Since jumbo loans have a higher transaction value than conventional mortgages, the appraisal is also scrutinized more closely. If your loan amount is large enough, two appraisals might be needed.

Jumbo loans vs. conforming loans

You can get a jumbo loan to buy a home that costs a lot of money. Though “conforming” loans have a maximum loan amount, jumbo mortgages usually have a maximum loan amount of several million dollars.

The overwhelming majority of residential property mortgage needs in the United States can be met under the guidelines set out by government-sponsored lending bodies such as the Federal Housing Finance Agency (FHFA) to promote homeownership. “Conforming loans” are those that adhere to those strict guidelines.

They simply do not “conform” to government program restrictions and must be securitized privately at slightly higher interest rates. These larger-than-average mortgage loans are referred to as “jumbo” loans. The critical difference between a Jumbo loan and the conforming loan is the loan size. Below are fundamental differences between both:

Heftier down payment

Although low down payments are typical on conforming loans, Many lenders would need a 20% down payment for a jumbo loan, but it may be possible to put down as little as 10%. Your credit, wages, and cash reserves will almost certainly need to be much higher if you want to put down a small down payment.

Potentially higher interest rates

Jumbo loans have historically had higher interest rates than conforming loans. Jumbo loans are now just marginally more expensive than conforming loans. Jumbo loans, on the other hand, may have lower interest rates. Lenders are more at risk for these loans because the amounts are higher. However, since high-income earners are more likely to repay their loans, lenders will consider them to be lower-risk borrowers than the average borrower, resulting in interest rates comparable to conforming loans.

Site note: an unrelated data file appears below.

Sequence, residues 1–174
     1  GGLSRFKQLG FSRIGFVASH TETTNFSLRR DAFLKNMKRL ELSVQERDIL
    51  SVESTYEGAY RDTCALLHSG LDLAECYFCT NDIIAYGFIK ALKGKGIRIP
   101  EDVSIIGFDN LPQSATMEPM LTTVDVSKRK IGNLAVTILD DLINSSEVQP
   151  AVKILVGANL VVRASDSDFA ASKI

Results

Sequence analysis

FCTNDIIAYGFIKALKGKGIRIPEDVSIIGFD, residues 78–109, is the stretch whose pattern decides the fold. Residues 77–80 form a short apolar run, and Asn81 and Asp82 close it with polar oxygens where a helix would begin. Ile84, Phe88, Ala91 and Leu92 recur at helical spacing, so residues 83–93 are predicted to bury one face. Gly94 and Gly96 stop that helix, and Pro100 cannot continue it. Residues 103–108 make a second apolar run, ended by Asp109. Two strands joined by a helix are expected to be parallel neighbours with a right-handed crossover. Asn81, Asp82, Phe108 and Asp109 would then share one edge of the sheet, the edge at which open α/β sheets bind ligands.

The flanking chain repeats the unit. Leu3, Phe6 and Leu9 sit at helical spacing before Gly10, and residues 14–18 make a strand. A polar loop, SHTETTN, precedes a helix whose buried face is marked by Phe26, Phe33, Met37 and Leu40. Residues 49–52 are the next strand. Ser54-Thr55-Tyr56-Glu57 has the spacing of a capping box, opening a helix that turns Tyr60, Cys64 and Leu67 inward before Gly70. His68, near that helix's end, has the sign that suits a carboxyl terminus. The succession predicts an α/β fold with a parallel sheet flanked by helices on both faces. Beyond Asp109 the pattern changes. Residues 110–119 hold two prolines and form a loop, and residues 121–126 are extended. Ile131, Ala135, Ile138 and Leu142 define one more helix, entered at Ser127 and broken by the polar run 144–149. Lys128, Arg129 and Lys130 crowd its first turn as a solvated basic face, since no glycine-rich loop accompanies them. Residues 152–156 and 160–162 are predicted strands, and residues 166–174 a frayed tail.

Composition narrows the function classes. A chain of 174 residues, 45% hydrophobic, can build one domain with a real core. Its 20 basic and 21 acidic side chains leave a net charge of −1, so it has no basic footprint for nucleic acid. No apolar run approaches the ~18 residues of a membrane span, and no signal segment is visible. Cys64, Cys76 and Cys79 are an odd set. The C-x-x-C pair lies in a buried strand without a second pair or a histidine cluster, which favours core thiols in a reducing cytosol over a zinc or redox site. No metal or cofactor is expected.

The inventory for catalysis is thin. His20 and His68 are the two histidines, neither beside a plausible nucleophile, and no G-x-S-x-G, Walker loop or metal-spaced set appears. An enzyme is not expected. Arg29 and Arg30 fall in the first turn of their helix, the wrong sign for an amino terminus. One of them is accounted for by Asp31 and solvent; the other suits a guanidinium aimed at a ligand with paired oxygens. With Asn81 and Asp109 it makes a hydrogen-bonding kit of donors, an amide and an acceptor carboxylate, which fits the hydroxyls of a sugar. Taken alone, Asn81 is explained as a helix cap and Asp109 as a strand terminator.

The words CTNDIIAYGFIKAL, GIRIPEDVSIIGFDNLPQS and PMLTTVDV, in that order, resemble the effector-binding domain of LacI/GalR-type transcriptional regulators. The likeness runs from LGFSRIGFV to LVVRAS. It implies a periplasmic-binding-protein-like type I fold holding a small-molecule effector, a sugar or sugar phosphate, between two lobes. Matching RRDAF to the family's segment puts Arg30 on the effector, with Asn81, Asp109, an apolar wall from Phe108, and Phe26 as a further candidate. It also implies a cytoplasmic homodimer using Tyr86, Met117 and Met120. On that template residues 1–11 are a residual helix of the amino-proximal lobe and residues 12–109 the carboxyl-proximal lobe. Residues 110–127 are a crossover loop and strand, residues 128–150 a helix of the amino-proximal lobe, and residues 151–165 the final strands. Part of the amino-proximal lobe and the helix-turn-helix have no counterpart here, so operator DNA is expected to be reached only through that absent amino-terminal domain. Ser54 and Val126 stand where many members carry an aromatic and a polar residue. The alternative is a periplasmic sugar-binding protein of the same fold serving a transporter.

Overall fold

Higher closing costs and fees

Closing costs are the tens of thousands of dollars in fees that come with a mortgage, usually ranging from 2% to 5% of the loan principal. Closing costs come in a variety of forms, and they differ from state to state. The borrower might be able to negotiate some closing costs fees.

Closing costs typically involve an appraisal, credit review, and title quest, and they are not only required when purchasing a home. You might also have to pay closing costs if you refinance your mortgage or take advantage of your home equity for an FHA cash-out refinance. The closing cost and fees for jumbo loans can be higher than conforming loans due to manual underwriting, additional appraisals, etc.

Loan limits

Since some real estate markets are much more expensive than others, the conforming loan cap varies by county. In 2021, the conforming loan limit is $548,250. In most counties around the country, the conforming loan cap for one-unit homes in 2021 is $548,250. Conforming loan limits are increased to $822,375 in “high-cost zones,” such as the Northeast and the West Coast, and even higher in a few other regions. Any mortgage over these amounts is considered a jumbo loan.